Bed-wetting or Enuresis can defined as a complete or near-complete micturition in the bed during sleep. The most common form of bed-wetting is monosymptomaticnocturnal enuresis (MNE) meaning that there are no daytime symptoms pointing to bladder dysfunction. Thus, the child has no pronounced urgency, no very frequent nor infrequent voiding and, most important, no daytime incontinence.
common is it?
It is very common. Most children
need to wear nappy or protective pants at night to avoid wetting their bed up
until at least age five. At four
years of age nearly one in three children wet, and this falls to about one in 10 by age six. Some teenagers
wet the bed too. This is especially
common if a parent or other close family member wet their bed at this age as well.
What causes it?
There are a number of causes of bedwetting (or enuresis). We don’t know all of them. Some children wet the bed due to being in deep sleep. They do not wake up to go to the toilet in time. Other children have smaller bladders that cannot hold onto a lot of urine overnight. Some children don’t make enough of a hormone called Anti-Diuretic Hormone, known as ADH. This hormone helps to concentrate urine overnight. Children who don’t make enough ADH have a lot of dilute urine and so wet the bed. Children with constipation may have problems with bed-wetting. They may have problems with daytime wetting too. Bed-wetting can run in families, but we have not yet found the gene that ‘causes’ bed-wetting. In rare cases, there is an underlying medical cause. So always have your child checked by a medical doctor before you start any treatment. Bed-wetting is NOT due to underlying behavioral problems. Never scold or punish a child for bed-wetting. They are asleep when it happens and cannot help it.
Will my child grow out of it?
Yes, most children grow out of bed-wetting. But, from the age of 6years there are treatments that you may want to consider. This is especially so if your child feels shame about their bed-wetting. It can also be a problem for children who want to sleep over at a friend’s house.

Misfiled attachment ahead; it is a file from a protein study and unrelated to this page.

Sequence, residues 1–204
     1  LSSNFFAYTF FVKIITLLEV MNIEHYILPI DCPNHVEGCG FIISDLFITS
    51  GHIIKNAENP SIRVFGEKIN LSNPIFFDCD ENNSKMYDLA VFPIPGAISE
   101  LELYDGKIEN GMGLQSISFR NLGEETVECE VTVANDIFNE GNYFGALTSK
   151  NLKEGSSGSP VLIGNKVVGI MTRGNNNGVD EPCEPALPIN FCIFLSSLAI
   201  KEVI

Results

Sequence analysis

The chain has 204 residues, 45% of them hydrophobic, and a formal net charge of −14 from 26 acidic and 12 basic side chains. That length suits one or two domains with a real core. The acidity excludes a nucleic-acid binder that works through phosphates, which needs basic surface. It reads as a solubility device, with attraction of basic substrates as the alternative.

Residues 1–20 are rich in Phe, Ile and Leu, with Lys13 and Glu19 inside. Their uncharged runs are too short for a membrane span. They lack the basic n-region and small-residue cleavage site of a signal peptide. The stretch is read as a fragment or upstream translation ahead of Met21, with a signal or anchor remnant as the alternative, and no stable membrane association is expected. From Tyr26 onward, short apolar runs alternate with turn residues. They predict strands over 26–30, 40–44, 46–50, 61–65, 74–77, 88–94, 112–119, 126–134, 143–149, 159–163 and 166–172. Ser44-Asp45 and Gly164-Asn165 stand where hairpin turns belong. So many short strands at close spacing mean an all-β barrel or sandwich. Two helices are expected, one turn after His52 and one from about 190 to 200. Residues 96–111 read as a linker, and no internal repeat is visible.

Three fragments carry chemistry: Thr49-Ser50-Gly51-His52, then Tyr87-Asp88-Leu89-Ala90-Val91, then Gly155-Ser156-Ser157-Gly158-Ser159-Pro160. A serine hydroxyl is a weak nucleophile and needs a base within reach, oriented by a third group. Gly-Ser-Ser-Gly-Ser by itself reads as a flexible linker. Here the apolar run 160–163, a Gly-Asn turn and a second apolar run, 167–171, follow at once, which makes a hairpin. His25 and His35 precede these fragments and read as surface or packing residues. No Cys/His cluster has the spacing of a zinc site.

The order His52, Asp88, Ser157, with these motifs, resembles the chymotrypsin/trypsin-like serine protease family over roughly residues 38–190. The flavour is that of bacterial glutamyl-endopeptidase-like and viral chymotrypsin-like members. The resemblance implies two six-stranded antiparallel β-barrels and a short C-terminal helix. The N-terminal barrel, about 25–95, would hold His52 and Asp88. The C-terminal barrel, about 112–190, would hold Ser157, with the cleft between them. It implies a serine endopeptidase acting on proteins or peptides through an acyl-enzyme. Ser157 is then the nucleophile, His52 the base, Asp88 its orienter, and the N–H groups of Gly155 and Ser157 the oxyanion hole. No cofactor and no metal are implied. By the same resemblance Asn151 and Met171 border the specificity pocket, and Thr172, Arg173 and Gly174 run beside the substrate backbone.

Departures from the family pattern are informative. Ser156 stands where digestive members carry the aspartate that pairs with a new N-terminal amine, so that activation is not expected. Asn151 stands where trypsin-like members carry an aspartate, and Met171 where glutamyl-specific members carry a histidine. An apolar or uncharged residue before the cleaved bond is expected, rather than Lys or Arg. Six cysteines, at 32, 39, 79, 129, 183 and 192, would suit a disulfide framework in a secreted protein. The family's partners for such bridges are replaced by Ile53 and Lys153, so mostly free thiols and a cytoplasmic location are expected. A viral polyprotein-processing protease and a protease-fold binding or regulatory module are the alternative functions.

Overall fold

What treatments are there?
treatment which seems to work best is the pad and alarm. There are many types on the market and some
hospitals and pharmacies hire
them out. They work through a pad that senses when your child starts to wet the bed. This then sounds an
alarm to wake up your child (and
the whole family!). Your child then needs to get up, turn the alarm off, go to the toilet, empty their
bladder, go back to bed and re-set the
alarm. It is VITAL that your child takes control and does these steps for himself/herself. If you do it instead, it
will take longer for the child to
learn to wake when he/she starts to pass urine. You may need to help your
child through these steps for the first few nights. But then he/she should be able to manage the steps themselves. Most experts suggest using the alarm until
your child has had 14 dry nights in a row. After 7 dry nights, some of them
suggest ‘over learning’ i.e.
increasing how much fluid your child drinks in the evening for 7 nights. This makes sure they
are ready to stop using the pad
and alarm. Reward your child
(e.g. with stamps, stickers) when they get up and go to the toilet. The pad and alarm treatment
may take up to 12 weeks to work,
so this will help them stay motivated during that time. A synthetic form of ADH is also available.
This is mostly used for short overnight
stays (see below) or if the pad and alarm treatment fails.
- Make sure your child drinks plenty of
fluid spread evenly all through
the day. There is NO evidence that you can help them get dryer sooner if you limit their fluid
intake – it may even be a bad thing!
- Don’t give drinks with caffeine (e.g.
coffee, hot chocolate, Coca-Cola)
late at night.
Try to have your
child wear a pyjama top or nightie and no bottoms during the process. In this
way the alarm will sound as soon
as they start to pass urine